After more than a year of planning and preparation, I’m excited to announce the upcoming launch of Reno Historical, a free smart phone app and accompanying website about Reno’s history that we’ll be introducing to the public on May 9th, the date of the town’s initial land auction in 1868. We’ll be holding a fun event downtown for the launch–more on that soon.
This collaborative digital history project came out of my longstanding frustration that Reno’s history is almost completely unmarked on the landscape, even though glimpses of its rich heritage are visible everywhere. Sure, there are a few plaques scattered here and there, but in general, it is possible to walk from one end of downtown Reno to another without gaining any coherent understanding of its past.
As a result, residents and visitors alike often find themselves guessing. Even while waxing positive about the city’s urban and natural assets, a writer for National Geographic recently referred to Reno as a “historic gold-mining town,” while a New York Times reporter attested that Reno was “never as cosmopolitan as its ‘Biggest Little City’ motto suggests.”
It’s hard to blame them for getting it wrong. Reno has in many respects erased its own history. That happened literally from the 1970s through the 1990s with the construction of multiple massive casinos, which, along with their accompanying hotels and parking garages, took out entire blocks of the city’s architectural and commercial heritage—as suddenly and as irreversibly as any urban renewal project could have done. But equally contributing has been a tendency to focus on the future without recognizing the incredible asset that our city’s unique heritage can be.
Despite substantial changes, especially to its downtown core, Reno retains an incredible amount of historical integrity. When I lead occasional downtown walking tours, I always encourage my audience to stop and look up. The city is filled with early twentieth- and even late nineteenth-century buildings featuring gorgeous ornamental details, often hovering just above and behind their modern facades. Each building contains multiple stories that can enrich our appreciation of this place, deepening its meaning and strengthening our connection to it. Reminders of places that no longer exist can also connect us to our shared past.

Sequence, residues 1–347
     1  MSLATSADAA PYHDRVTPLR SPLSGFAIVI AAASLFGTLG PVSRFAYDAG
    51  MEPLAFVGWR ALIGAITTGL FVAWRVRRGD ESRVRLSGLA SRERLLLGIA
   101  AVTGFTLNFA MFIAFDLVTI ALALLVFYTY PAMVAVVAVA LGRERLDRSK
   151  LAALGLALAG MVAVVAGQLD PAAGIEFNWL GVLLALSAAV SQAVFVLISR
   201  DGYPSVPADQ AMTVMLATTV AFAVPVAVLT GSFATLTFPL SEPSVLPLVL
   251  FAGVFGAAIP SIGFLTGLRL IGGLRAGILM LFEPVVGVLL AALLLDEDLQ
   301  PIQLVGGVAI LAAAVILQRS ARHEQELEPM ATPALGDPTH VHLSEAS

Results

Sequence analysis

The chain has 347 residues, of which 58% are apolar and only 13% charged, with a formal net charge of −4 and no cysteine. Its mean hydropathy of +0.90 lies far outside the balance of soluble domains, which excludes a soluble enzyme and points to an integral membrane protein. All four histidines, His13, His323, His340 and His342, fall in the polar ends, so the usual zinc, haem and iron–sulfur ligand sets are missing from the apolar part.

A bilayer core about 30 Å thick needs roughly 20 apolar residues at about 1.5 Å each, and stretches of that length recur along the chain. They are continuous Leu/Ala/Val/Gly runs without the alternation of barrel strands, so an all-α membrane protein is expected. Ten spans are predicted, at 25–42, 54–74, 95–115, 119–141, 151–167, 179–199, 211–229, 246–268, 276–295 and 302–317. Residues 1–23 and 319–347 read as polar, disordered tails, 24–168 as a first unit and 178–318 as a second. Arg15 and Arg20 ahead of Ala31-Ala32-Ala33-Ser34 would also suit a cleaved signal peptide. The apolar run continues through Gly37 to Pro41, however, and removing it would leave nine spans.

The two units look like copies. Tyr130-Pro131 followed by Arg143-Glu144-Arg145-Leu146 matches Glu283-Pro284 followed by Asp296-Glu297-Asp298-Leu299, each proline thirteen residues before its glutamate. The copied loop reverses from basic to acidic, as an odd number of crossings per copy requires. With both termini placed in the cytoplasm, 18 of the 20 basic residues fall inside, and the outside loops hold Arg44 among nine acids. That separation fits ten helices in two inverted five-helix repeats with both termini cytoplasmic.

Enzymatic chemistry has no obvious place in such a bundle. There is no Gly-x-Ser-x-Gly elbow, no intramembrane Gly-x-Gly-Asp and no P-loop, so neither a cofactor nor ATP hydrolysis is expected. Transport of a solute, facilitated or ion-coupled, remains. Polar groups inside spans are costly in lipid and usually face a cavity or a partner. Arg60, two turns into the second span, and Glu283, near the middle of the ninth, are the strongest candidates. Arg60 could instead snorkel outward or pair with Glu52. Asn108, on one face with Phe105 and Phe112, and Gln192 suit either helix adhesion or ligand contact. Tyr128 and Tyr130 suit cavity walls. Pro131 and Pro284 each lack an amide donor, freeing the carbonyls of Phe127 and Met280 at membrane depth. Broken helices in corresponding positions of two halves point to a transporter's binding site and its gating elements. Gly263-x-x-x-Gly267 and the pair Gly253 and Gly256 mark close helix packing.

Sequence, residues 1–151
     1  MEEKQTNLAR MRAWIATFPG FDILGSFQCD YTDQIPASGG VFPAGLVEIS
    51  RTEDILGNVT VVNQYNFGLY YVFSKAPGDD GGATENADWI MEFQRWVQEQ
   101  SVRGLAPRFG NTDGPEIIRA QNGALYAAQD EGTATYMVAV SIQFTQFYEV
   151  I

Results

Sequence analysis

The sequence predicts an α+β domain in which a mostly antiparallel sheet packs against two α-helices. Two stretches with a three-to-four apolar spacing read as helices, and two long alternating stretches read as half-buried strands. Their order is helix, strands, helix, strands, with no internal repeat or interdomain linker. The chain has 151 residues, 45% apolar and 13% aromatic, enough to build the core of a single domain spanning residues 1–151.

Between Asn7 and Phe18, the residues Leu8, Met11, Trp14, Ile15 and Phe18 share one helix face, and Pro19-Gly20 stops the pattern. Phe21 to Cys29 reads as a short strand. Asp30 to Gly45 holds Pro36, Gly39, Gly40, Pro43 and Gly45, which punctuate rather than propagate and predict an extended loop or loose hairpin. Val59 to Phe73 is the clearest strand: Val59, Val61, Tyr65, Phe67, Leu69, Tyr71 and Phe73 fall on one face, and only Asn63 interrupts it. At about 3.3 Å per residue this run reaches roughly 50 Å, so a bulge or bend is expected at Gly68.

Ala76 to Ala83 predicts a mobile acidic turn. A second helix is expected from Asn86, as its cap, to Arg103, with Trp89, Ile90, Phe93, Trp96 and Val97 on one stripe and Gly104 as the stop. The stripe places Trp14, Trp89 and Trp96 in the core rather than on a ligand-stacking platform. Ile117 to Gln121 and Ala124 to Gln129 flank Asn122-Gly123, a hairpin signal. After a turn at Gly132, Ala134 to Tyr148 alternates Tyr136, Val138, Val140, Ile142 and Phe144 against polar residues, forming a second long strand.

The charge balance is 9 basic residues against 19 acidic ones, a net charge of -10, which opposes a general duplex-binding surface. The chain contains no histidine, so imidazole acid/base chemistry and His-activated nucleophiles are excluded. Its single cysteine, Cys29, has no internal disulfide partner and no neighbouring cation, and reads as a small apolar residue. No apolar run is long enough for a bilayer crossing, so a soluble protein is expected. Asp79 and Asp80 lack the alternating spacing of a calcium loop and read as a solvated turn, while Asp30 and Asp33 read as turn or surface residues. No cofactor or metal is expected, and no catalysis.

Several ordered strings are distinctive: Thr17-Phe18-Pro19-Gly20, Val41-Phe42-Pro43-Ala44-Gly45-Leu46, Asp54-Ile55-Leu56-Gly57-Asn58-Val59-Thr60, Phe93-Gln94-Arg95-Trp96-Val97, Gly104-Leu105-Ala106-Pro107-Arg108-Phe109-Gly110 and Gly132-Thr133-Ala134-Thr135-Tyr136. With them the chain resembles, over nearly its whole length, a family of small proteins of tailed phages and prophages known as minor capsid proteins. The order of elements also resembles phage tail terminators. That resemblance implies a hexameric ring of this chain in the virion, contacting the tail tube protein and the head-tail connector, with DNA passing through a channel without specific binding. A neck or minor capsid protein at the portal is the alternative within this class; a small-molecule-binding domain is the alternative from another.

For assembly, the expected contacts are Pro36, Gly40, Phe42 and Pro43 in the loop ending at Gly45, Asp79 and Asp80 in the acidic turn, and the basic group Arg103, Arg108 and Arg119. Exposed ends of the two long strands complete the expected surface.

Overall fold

More than a year ago, I gathered together representatives from all corners of Reno’s historical community to discuss pooling our resources to launch a digital platform that could present accurate and engaging stories about Reno’s past to the public. Headed by Donnie Curtis, the Special Collections department at the University of Nevada, Reno Libraries offered to serve as the administrative hub. Startup funding was secured from the Historic Reno Preservation Society and grants from Nevada Humanities and the Institute of Museum and Library Services. The Nevada Historical Society, the City of Reno’s Historical Resources Commission, UNR Special Collections and numerous private collectors have graciously donated the use of materials, and the Regional Transportation Commission of Washoe County and the University of Nevada, Reno have funded the production of substantial historical content. Writers have included professional historians, community members, and students, for a truly collaborative project.
We chose Curatescape, a digital, map-based platform with a simple layout, flexibility to function as both an app and a website (to reach the broadest number of people), and the ability to offer text, photos, audio, and video clips to present a wide range of stories about the city. We’ll launch with a good number of stories and then continue to add to it, expanding its offerings as we go.
Reno Historical will be equally useful to people who are walking around town, eager to learn more about what’s around them, and to people who may never set foot in the city but hunger for accurate information about it. It’s time to capitalize on Reno’s amazing past as we continue to revitalize and celebrate our beautiful city!
Stay tuned for more information about the launch and follow us on Twitter at @renohistorical.